Crisis and Resistance in the Neoliberal City

Crisis and Resistance in the Neoliberal City

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This foreclosure crisis, this financial crisis, has to be thought of as a crisis of the city, a crisis of urbanization – and if it’s a crisis of the city and of urbanization, then the solution has to be a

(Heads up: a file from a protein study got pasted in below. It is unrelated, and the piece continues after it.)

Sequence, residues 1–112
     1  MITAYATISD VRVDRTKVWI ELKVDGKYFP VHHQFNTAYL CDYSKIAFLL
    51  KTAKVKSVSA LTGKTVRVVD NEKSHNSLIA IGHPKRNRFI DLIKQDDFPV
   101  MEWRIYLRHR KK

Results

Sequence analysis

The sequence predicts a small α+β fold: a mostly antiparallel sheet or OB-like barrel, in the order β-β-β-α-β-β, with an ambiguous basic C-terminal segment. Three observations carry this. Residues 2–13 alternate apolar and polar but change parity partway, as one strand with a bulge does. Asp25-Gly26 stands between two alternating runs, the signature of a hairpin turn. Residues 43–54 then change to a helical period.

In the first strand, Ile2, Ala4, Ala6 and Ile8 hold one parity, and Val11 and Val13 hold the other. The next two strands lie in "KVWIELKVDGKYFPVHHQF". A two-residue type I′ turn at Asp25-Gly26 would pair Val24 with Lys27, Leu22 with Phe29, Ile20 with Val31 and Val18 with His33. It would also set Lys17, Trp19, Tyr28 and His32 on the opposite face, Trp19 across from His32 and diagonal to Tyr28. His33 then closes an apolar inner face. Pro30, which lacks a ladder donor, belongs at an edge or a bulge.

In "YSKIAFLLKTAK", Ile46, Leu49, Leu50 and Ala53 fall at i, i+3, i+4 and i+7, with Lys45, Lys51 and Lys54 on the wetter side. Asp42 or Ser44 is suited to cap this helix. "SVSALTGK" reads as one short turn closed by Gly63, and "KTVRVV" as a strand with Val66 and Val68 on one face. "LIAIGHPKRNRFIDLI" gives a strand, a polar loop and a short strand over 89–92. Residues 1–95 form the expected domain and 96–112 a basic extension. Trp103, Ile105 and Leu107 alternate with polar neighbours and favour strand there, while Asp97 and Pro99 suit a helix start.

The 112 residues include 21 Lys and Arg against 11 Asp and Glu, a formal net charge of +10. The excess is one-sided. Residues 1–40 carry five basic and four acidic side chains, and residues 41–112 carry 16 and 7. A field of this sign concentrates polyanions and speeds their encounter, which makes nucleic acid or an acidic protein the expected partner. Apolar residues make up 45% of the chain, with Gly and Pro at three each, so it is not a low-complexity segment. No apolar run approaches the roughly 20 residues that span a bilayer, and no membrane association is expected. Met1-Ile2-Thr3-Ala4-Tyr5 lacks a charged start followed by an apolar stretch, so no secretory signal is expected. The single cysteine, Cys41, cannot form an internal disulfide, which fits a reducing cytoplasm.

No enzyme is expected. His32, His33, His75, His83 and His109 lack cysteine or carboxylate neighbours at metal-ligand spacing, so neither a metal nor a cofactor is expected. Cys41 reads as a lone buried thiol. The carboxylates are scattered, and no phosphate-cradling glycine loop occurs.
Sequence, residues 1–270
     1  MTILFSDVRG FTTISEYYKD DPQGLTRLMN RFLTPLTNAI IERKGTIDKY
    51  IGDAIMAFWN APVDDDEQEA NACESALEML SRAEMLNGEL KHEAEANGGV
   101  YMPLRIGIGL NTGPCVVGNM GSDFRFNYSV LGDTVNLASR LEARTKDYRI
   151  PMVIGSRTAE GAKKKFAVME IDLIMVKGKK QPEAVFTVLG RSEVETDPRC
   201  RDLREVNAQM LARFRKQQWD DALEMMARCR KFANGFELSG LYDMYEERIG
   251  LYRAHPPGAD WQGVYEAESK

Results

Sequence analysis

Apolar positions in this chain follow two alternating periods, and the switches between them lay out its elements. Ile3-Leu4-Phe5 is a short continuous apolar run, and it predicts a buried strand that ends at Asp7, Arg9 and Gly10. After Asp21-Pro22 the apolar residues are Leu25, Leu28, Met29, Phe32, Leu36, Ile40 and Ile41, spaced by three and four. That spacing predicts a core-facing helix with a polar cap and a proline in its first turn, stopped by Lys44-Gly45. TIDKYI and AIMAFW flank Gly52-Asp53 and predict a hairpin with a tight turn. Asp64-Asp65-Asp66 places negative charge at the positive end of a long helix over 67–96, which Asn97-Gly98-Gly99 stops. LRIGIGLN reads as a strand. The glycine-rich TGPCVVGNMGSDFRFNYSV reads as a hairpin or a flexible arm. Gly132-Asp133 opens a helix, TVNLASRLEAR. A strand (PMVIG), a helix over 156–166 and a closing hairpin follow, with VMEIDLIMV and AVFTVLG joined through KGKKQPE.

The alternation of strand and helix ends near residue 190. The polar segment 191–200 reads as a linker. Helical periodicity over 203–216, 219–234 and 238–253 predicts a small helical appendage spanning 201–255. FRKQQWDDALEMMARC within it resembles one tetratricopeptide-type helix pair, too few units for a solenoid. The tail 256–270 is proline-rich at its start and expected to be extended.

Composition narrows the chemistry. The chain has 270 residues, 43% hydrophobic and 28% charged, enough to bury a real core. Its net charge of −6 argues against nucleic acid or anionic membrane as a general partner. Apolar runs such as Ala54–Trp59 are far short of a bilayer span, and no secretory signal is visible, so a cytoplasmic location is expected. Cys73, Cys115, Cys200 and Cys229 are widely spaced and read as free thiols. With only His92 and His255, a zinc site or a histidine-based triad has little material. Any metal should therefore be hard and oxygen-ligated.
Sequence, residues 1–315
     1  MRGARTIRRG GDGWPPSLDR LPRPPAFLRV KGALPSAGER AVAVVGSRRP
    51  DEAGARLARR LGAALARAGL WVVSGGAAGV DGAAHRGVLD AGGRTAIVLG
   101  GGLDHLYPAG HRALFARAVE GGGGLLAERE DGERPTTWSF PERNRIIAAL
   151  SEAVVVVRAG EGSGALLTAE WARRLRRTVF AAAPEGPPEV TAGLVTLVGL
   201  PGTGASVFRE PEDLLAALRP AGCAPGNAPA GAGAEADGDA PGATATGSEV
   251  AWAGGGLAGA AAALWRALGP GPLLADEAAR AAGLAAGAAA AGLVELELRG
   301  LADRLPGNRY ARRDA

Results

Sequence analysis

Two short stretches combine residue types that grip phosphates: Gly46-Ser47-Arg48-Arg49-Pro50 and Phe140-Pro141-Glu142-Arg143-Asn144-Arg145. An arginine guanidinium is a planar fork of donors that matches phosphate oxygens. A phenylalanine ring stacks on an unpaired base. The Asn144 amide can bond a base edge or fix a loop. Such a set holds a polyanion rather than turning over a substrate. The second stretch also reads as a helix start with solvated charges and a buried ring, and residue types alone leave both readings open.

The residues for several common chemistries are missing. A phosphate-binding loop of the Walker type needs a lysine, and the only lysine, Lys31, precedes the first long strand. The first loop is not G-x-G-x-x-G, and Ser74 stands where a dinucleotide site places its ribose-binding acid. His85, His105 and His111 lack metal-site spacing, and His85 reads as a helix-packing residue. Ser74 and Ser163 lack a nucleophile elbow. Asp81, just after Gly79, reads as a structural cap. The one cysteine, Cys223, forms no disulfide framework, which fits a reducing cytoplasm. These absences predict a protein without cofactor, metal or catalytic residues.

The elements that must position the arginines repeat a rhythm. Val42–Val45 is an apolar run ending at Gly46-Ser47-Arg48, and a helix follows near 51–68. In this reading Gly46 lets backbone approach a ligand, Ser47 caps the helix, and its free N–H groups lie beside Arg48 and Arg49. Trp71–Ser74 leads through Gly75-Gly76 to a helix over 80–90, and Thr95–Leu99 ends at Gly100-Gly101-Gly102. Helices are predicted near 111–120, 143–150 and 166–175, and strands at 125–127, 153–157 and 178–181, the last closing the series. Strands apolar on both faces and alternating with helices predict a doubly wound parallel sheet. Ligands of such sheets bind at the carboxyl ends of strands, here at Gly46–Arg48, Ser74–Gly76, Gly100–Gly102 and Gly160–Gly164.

reconfiguration of the city and a redirection of what urbanization is about. The pattern of this crisis is not anything new; and one of the things that happens in the U.S., and on the left in general, is that we seem sometimes to suffer from amnesia as to what has happened in the past. I would like to recall that the last biggest crisis period of capitalism, from around 1973 to 1982, was a deep crisis of urbanization. It began with the collapse of global property markets in the spring of 1973, leading to the bankruptcy of several financial institutions, followed of course by the Arab-Israeli war and the oil price hike (which everybody remembers more than they remember the property market crash). This was followed by a crisis of municipal finance and the disciplining of almost all cities, not only in the U.S., but around the world, to a new regime of financial terror, what I’d also call “neoliberal politics.” Understanding what this regime was about is crucial because it was part of the solution to the crisis of the 1970s, a solution which underpins the nature of the crisis we are currently in. This is a terribly important point to make, because how we come out of this crisis is almost certainly going to define the nature of the next crisis down the road – unless we decide to say, “To hell with capitalist crises! To hell with capitalism!”

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